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I suppose I'm taking a big chance with my credibility by telling everyone on my list to go out and see, and perhaps even buy, a kids' movie, especially when said movie is a beloved piece of my childhood which I almost certainly can't deal with impartially. Nevertheless, over two decades after I first saw "Gus," I still love it.

When Hank Cooper (Edward Asner), the financially strapped owner of the completely inept California Atoms football team, learns about Gus, a mule who can accurately kick soccer balls (and therefore, presumably, footballs) 100 yards, he sees a halftime show that might draw crowds. This also presents an opportunity for Andy Petrovic (Gary Grimes), Gus' young owner, who can't escape from the shadow of his illustrious brother, a Yugoslavian soccer hero. However, when Cooper makes a bet (his last resort to refinance the team) that he can turn the perennial losers into Super Bowl material, he uses a technicality in NFL rules to send the mule in to kick field goals.

The plot of "Gus" isn't just thin, it's emaciated. I sincerely doubt that the NFL's official rules would permit a mule to play as a kicker, for instance. That's really part of the point; the whole movie is silliness, so stretching things here isn't so bad. While wisecracks do abound, most of the comedy is slapstick. "Gus" has as many football bloopers in its first ten minutes as most expansion teams have in their premier season. As if the players weren't bad enough, the cheerleaders are clumsy making for even more pratfalls. The attempts to kidnap the mule or otherwise sabotage his efforts always produce hilarious results. The final mule-napping causes a chase through a supermarket that's easily one of the funniest scenes in any movie I've seen.

Most of the performances are decent. The real highlights are Tom Bosley and Tim Conway, who play the villains Spinner and Crankcase; they manage to avoid being too scary for kids, but still remain menacing. Asner is also pretty good as the wisecracking team owner. Another smaller part worthy of mention is Bob Crane as the overblown sportscaster Pepper. Whether the animal training counts as a performance or special effects, the mule does a wonderful job as well; kicking, fainting, running, and nodding on cue, "Gus" takes an animal performance about as far as a film can without animation and/or voiceovers.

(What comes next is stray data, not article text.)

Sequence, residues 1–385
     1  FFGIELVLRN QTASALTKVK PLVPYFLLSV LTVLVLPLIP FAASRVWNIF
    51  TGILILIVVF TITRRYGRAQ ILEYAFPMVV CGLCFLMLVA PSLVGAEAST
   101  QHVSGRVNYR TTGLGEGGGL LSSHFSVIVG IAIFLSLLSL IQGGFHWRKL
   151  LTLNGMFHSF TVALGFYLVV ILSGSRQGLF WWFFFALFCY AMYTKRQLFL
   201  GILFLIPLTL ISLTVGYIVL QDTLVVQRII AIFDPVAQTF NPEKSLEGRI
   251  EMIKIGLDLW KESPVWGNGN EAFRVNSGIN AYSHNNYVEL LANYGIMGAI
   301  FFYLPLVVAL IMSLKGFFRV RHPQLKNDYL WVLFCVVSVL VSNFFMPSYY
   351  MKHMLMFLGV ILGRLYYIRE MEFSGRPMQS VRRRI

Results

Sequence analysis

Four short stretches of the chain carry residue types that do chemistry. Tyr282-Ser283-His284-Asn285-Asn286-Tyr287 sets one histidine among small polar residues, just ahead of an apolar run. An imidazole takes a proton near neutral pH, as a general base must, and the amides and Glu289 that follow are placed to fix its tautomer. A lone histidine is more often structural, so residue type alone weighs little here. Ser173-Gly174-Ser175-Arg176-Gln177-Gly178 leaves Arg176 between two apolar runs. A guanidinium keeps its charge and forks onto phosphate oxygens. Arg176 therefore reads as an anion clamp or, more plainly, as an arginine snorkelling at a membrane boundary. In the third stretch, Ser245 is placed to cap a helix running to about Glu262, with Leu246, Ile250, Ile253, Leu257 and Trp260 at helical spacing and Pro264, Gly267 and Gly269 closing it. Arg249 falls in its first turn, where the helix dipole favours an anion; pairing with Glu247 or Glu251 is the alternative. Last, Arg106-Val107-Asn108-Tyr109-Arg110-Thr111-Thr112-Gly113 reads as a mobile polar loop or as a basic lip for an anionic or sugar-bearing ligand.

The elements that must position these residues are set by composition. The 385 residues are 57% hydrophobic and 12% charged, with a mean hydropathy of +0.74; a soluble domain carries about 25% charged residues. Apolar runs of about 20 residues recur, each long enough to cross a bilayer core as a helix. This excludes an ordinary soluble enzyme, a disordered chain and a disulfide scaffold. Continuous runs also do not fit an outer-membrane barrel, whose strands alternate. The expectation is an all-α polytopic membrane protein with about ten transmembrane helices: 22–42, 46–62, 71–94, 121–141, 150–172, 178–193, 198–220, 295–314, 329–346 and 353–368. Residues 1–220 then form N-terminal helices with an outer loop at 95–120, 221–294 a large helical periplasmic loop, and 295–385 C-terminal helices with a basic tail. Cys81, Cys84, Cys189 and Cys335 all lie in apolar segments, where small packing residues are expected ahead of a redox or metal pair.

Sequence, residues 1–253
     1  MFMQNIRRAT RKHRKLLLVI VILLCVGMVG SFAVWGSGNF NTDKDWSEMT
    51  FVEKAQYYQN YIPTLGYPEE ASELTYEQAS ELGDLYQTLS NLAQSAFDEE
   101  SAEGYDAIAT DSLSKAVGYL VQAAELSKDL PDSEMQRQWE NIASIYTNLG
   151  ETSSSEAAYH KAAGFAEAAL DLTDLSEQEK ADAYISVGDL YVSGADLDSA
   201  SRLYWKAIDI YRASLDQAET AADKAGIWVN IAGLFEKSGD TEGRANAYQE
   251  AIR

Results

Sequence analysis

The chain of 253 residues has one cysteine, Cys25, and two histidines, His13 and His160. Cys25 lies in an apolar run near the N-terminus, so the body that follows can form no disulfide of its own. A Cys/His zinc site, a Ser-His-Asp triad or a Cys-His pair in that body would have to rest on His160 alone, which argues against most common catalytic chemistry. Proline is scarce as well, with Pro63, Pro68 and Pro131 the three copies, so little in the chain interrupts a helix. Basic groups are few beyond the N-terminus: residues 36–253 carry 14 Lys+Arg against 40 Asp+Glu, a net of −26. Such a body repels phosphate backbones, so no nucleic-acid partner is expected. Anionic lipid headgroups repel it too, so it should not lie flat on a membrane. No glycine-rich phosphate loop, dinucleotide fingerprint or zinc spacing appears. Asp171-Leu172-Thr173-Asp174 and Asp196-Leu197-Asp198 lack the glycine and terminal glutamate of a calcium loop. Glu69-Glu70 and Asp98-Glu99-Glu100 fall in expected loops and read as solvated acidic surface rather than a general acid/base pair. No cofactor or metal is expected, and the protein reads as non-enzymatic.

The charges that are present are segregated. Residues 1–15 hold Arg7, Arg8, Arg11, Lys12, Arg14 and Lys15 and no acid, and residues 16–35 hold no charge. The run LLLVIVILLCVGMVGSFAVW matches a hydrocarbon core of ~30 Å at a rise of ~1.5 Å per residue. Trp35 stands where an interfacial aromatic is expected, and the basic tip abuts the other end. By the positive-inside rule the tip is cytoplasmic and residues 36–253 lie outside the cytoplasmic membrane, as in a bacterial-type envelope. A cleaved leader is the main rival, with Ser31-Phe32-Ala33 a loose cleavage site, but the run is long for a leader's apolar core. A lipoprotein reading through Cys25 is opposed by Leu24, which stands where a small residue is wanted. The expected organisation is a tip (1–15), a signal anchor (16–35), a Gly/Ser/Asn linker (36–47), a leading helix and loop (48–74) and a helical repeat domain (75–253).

"Gus" also remains in safe territory for children. There is no graphic violence, no real nudity (the locker room scene is filmed at chest level), and no strong language (I'm not sure there's even anything as strong as "damn"). Coming from Disney before Disney was controversial, it shouldn't be surprising that we have a movie that the "G" rating was meant for.

On the downside, however, some aspects of the film such as cinematography and sound are adequate, but not much more. Theme can also be included on this list; "Gus" is shallow. Psychologically, there's nothing deeper than sibling rivalry and puppy love. If you're looking for lofty philosophical ideas, or even an accurate Super Bowl prediction, you'd be looking at the wrong movie. Still, finding the silver lining on this cloud, at least kids won't miss anything.

"Gus" is good for an hour and a half worth of laughs. Children will almost certainly love "Gus" (even if they don't understand football--they'll know, for instance, that you're not supposed hand the ball off to the referees). I also suspect that even adults who didn't grow up with it will enjoy "Gus." I still have a soft spot for him.